I can’t capture the beauty of this novel.  The artistry is reminiscent of a perfect novella by Tolstoy.

Gods of Tango 51TOT0nOHLL._SX334_BO1,204,203,200_I was browsing when I found  Carolina De Robertis’s third novel, The Gods of Tango.  I have a weakness for novels set in South America,  and I became so caught  up in De Robertis’s  smooth, workmanlike prose that I had to buy the book.  I agreed to God knows what Faustian bargains of  housework and vegetable-chopping for lasagna before my husband kindly granted me an entire weekend to read this book.  The author, who has a Uruguayan background, explores the roots of tango in South America, and follows the fortunes of a tango band that plays in brothels and cabarets. She spent a year and a half in Uruguay and Brazil researching and writing the book.

I loved this book, guys.  It is well-written and it makes me hear the music.  The heroine, Leda, has always loved playing the violin, and when she travels from Italy to Buenos Aires to join her cousin/husband, Dante, whom she has married by proxy, she carries her father’s violin as a gift.    But when she arrives, she  discovers Dante has been killed in a riot.

And so she has to make a way for herself.  She  lives in a tenement with 60-some people who share one bathroom.  She sews all day with the other women but barely makes any money.  When she hears tango for the first time, she is enthralled, and annoys some of the women by playing her violin along with the men.  She knows she can be a musician if she is given a chance. The problem is that women are not allowed to play tango.   And so she runs away and disguises herself as a man. She calls herself Dante, after her  husband.   She is a stunning violinist, but where to live?: she cannot share a crowded room or undress in front of male roommates in a tenement.  Finally, she rents a tiny room, actually a closet,  so she can be alone.  She can practice the violin and bathe without being outed as a woman.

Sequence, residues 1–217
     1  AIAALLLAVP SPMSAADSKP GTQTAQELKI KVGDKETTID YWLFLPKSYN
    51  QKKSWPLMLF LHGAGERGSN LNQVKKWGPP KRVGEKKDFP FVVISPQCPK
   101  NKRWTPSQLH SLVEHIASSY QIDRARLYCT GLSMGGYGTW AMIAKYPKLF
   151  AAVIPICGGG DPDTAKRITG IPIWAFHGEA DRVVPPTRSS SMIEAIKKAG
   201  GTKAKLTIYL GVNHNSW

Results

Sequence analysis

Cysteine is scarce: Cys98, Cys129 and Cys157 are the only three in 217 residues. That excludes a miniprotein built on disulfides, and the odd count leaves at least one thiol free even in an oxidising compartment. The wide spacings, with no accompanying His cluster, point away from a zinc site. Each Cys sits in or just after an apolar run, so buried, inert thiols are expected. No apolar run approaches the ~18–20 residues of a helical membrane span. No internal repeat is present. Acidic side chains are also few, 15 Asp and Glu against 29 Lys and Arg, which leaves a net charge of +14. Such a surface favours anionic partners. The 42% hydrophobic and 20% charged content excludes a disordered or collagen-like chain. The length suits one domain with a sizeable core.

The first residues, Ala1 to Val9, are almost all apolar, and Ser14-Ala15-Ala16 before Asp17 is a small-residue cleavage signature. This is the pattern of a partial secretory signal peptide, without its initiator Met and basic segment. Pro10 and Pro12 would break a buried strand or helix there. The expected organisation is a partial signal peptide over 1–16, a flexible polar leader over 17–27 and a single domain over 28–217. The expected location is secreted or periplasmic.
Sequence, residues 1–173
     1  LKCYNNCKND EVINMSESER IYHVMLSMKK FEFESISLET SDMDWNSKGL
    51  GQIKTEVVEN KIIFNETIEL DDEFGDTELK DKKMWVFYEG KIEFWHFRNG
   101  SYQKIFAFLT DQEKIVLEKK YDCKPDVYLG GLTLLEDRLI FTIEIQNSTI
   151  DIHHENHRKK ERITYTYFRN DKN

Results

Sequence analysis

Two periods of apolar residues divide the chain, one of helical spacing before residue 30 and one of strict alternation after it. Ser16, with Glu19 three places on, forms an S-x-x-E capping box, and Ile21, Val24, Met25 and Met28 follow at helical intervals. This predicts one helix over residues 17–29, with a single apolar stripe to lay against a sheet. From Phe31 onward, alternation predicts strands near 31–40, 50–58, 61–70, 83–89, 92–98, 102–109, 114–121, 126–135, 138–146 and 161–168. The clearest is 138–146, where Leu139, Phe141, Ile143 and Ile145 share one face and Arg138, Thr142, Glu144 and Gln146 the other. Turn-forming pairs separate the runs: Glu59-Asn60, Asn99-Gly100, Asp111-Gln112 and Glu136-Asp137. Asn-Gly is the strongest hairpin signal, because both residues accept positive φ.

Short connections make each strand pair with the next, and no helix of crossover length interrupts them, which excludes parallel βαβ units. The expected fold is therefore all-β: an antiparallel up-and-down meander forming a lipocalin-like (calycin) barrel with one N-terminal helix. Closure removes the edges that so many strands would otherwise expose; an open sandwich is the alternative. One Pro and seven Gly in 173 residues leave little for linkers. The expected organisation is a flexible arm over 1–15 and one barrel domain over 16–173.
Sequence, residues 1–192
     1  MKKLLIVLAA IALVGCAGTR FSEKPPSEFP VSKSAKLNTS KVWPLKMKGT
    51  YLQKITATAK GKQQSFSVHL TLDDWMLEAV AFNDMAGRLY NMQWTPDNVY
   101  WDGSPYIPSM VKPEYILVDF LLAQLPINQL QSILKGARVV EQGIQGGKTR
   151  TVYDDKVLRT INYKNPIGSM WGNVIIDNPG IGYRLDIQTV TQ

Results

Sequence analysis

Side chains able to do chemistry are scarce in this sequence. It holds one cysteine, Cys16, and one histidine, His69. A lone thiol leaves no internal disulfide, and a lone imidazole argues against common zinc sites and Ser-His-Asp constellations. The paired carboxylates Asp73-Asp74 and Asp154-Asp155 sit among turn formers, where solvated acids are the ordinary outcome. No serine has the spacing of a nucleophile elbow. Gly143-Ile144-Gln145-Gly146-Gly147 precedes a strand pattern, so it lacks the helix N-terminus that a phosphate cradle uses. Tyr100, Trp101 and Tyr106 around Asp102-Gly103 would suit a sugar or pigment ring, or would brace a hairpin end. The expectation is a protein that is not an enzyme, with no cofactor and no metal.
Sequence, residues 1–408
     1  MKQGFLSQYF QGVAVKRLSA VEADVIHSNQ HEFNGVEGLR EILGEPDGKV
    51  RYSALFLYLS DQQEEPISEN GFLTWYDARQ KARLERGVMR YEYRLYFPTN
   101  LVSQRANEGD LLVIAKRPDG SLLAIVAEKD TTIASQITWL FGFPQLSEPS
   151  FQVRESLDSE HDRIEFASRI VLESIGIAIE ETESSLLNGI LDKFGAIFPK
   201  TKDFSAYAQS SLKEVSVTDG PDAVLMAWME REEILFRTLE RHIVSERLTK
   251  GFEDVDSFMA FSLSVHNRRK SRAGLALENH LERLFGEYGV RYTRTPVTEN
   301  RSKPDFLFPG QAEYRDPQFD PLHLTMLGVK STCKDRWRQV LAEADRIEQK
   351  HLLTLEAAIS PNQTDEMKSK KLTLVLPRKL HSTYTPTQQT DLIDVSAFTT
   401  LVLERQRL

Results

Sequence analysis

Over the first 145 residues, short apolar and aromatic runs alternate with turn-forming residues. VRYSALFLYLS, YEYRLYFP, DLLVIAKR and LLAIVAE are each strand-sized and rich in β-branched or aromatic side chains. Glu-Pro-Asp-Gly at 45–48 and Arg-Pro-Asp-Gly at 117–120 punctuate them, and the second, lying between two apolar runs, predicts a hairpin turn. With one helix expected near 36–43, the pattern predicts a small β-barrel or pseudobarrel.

Cross-dressing frees Leda:  she gets more respect as a man.  But she has a sexual crisis.  She discovers she is a lesbian who cannot reveal that she is a woman.  She takes a crash course  from a whore in pleasing women,  but when her lovers want to touch her, she cannot allow it.

I loved Leda’s story, and the story of the music.  The musicians ask, Is it still tango when you add instruments, the piano, the bass, and vocals?  Of course tango is all about change.

There is violence at the cabarets.   Band members fight, drunks attack each other,  good friends get stabbed.  Careers are made and lost.  When a woman singer joins their band, Leda feels defensive.  What was her work for if this woman gets to join  as a woman? Like Leda, she cross-dresses, but doesn’t bind her chest or hide her curves.  Everyone knows she is a woman dressed like a man.

There are many sexual and gender issues as well as tango scences.

Sure, it wasn’t nominated for the Man Booker Prize, but perhaps that’s a good thing.  Anyway, there’s always the Baileys Women’s Prize next year, right?  De Robertis is a very good writer, and this is an excellent read!